Cracking down on corruption
Transparency International UK recently estimated that the amount of corrupt wealth being laundered through the UK annually is at least in the hundreds of millions of pounds—if not billions. With the priorities of the UK government in flux post-Brexit, British Labour MP Jon Ashworth argued on The Huffington Post that corruption should remain a key priority area. A recent article on the London School of Economics’ Europp blog similarly believes it’s important that David Cameron’s anti-corruption initiatives don’t fall by the wayside.
In other anti-corruption news, one of China’s top military generals was sentenced to life in prison on Monday in the latest development in President Xi Jinping’s sweeping anti-corruption campaign. Guo Boxiong was officially stripped of his membership in the Communist Party of China after being found guilty of accepting large bribes and using his position to promote and reassign other members. Australia is a popular destination for Chinese officials fleeing the country, with three of its most wanted fugitives returning from Australia in the past three months to face charges.
Bonus: SDG16 interactive map
The SDG16 Data Initiative has an excellent interactive map that compares how countries across the world are faring in combating corruption, reducing illicit financial and arms trade flows and developing transparency, among other issues. You can access it here.
The importance of getting CT lexicon right
The recent spate of terrorist attacks, occurring mainly in Europe, have highlighted the difficulties of labelling terrorist attackers, with descriptions such as ‘lone wolf’ and ‘ISIS inspired’ among the most frequently used. A new piece on Lawfare blog argues that a common lexicon is necessary to enhance communication and enable different countries to support each other’s strategies and coordinate better—and proposed some alternative terms. The World Bank’s Lead Economist in the Development Research Group, Norman Loayza, recently argued that policy strategies to defeat terrorism must include three components: intelligence, integration and development.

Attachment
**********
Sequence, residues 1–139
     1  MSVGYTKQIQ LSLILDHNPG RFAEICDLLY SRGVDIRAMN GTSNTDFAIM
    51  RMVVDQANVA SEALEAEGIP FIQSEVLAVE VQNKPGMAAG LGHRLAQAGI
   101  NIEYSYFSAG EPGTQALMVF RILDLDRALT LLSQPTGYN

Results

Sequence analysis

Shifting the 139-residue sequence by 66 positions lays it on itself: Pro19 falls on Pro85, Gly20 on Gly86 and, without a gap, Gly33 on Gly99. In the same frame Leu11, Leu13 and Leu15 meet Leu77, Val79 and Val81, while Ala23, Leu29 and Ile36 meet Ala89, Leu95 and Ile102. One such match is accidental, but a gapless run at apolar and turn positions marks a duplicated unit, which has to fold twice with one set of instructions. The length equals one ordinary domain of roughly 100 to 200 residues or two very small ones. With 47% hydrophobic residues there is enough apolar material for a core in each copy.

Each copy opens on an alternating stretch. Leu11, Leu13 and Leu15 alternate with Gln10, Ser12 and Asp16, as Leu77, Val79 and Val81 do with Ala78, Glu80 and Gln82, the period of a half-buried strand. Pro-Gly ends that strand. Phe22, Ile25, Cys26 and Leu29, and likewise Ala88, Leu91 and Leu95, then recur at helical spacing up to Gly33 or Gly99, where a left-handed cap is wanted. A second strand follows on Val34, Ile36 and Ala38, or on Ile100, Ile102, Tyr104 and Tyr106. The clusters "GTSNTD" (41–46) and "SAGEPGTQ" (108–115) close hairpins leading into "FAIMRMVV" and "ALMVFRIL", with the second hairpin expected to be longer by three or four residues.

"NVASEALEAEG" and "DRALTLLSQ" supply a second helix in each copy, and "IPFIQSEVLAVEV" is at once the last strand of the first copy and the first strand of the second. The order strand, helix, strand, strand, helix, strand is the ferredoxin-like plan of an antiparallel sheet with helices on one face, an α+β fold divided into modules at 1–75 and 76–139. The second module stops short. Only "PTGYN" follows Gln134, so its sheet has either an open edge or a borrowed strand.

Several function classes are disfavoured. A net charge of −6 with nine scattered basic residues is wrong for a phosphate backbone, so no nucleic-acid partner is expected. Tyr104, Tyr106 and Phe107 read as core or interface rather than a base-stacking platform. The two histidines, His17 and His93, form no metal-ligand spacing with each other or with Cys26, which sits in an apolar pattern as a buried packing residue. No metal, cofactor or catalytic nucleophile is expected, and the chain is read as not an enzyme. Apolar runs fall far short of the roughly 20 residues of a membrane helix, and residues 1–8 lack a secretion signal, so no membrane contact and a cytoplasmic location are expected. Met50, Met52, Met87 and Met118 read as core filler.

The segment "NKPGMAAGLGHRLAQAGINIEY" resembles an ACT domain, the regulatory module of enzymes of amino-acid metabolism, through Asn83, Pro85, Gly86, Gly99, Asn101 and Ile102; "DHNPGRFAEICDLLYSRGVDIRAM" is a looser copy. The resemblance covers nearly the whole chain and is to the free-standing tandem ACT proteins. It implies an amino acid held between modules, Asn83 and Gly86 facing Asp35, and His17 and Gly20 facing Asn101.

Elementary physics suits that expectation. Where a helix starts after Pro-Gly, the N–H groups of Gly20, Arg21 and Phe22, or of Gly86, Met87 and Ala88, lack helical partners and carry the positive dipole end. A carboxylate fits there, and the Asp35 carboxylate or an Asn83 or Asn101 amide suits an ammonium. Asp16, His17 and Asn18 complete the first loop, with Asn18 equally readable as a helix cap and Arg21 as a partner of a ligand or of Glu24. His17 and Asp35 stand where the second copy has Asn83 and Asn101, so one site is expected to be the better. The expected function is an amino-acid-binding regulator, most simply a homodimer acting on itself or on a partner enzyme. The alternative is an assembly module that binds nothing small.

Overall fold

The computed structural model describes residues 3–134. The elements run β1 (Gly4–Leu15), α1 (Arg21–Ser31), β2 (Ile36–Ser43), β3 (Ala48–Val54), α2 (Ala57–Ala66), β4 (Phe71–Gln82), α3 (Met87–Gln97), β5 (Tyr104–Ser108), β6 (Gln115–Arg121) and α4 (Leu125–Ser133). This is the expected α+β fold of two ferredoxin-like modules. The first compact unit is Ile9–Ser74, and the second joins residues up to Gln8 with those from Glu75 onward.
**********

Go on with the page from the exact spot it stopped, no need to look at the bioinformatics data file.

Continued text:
Australian strategy for counterterrorism
In the wake of the Nice attack, Prime Minister Malcolm Turnbull asked Australia’s counterterrorism agencies last week to develop a strategy to prevent rapidly radicalised terrorists from carrying out ‘lone wolf’ attacks. Counterterrorism coordinator Greg Moriarty has been asked to identify lessons for Australia from the Bastille Day attack where a vehicle was used, rather than automatic weapons, to inflict large-scale casualties. The report will also detail the vulnerability of public areas in Australia, how authorities can protect large numbers of people in open areas, and what measures need to be taken to prevent vulnerable Australians from falling through the cracks of the justice and mental health systems.
Afghanistan and Pakistan to work together
Pakistan will install a new gate at its border crossing with Afghanistan on 1 August as a part of a plan to prevent terrorist entry and illegal movement of people along the 2,600km Afghan frontier. Pakistan’s been criticised for being a sanctuary to militant groups, with Afghanistan’s president saying last week that Pakistan is his nation’s greatest problem. Steps are being taken to improve the relationship, with a trilateral meeting on Tuesday between the two countries and NATO resulting in a commitment to resolve their ongoing border disputes and a vow to combat Daesh together.
A push for more Biometrics at the borders
As of this week, travellers going through the US Seattle-Tacoma International Airport have the option of choosing whether to include iris and fingerprint scans as part of their security check. The initiative coincides with a report by Acuity Market Intelligence which suggests that with the recent wave of violence and terrorism in Europe and the US, there’s a need to expand and improve biometric border security. Check out this recent interview with International Biometrics + Identity Association director John Mears who discusses the need for greater biometric programs in the US.
Disaster reconstruction provides opportunities for resilience
A new report (PDF) from the Lincoln Institute of Land Policy has highlighted opportunities for disaster-hit metropolitan regions to improve their resilience during the reconstruction process. ‘After Great Disasters: How Six Countries Managed Community Recovery’ analysed six countries that utilised varied management approaches post-disaster to identify some of the lessons governments and other agencies had learnt from the recovery process. The study focused on incidents that occurred in China, India, Japan, the US, New Zealand and Indonesia between 1995 and 2012. It found that post-disaster reconstruction offered opportunities to solve a number of long-standing issues, by improving construction and design standards, creating new-land arrangements, and improving governance.
Link between climate-related disasters and armed conflict
Climate-related disasters have increased the risk of armed conflict in ethnically divided countries, a research paper (PDF) in the Proceedings of the National Academy of Sciences has found. The study’s authors used event coincidence analysis to investigate the links between armed conflict outbreak and climate-related natural disasters from 1980–2010, and found that 23% of conflict outbreaks in highly ethnically-divided countries ‘coincided with climate calamities’. There was no evidence to suggest these disasters were direct triggers of conflict, but the authors warned that Africa—particularly drought-stricken Northern Africa—and Central Asia posed the most significant risk of further conflict.